Posted February 02, 2010
The Notch signaling pathway controls cell fate throughout development in a variety of organisms, from fruit flies to humans. The pathway is crucial for the growth and maturation of numerous systems and organs, including the brain. However, evidence is mounting to suggest that if this pathway goes awry, it contributes to or causes brain tumors, prion disease, multiple sclerosis, and other diseases.
At an April 25, 2006, Academy meeting, researchers discussed a tool for exploring the role of Notch in CNS and kidney development, efforts to treat tumors using Notch inhibitors, the role of Notch signaling in prion disease, and the role of Notch in the maturation of immune system cells.
Use the tabs above to find a meeting report and multimedia from this event.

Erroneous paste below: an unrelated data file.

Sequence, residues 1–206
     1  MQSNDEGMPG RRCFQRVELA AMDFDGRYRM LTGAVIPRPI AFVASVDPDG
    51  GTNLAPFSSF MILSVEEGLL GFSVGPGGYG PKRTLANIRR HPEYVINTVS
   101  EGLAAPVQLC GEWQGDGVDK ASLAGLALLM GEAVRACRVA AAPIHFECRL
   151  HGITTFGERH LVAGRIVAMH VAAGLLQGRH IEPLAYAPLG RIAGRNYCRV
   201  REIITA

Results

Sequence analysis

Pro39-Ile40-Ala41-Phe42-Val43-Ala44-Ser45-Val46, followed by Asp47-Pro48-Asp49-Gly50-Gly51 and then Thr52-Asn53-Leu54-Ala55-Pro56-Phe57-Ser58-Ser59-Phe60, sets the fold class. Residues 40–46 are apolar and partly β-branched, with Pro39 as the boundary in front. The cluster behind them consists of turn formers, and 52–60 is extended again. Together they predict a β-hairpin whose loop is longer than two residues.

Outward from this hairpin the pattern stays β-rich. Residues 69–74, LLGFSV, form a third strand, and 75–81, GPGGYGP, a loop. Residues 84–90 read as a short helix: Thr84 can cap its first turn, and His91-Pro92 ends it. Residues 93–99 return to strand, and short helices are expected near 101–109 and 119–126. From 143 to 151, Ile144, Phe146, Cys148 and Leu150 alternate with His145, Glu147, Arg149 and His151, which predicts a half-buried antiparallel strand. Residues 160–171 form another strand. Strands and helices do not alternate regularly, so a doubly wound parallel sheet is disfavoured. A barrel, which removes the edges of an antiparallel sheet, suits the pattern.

The European Molecular Biology Organization (EMBO)
A professional organization that holds conferences, publishes journals, and disseminates information about molecular biology.
The Federation of American Societies for Experimental Biology (FASEB)
FASEB advances biological science through collaborative advocacy for research policies that promote scientific progress and education and lead to improvements in human health.
The Reactome Project
The Project is a collaboration among Cold Spring Harbor Laboratory, The European Bioinformatics Institute, and The Gene Ontology Consortium to develop a curated resource of core pathways and reactions in human biology. Visit the Notch Signaling Pathway page for information on the molecules involved.
Beckerman, M. 2005. Molecular and cellular signaling. Springer, New York.
Bongarzone, E. R., N. Gaiano & G. Consalez, Eds. 2006. Notch signaling and nervous system development. Karger, Basel.
Israel, A., B. de Strooper, F. Checler & Y. Christen, Eds. 2002. Notch from Neurodevelopment to Neurodegeneration: Keeping the Fate. Springer, New York.
Notch Signaling: How Do Vertebrates Use Their Four Notch Genes?
Cheng, H. T. & R. Kopan. 2005. The role of Notch signaling in specification of podocyte and proximal tubules within the developing mouse kidney. Kidney Int. 68: 1951-1952.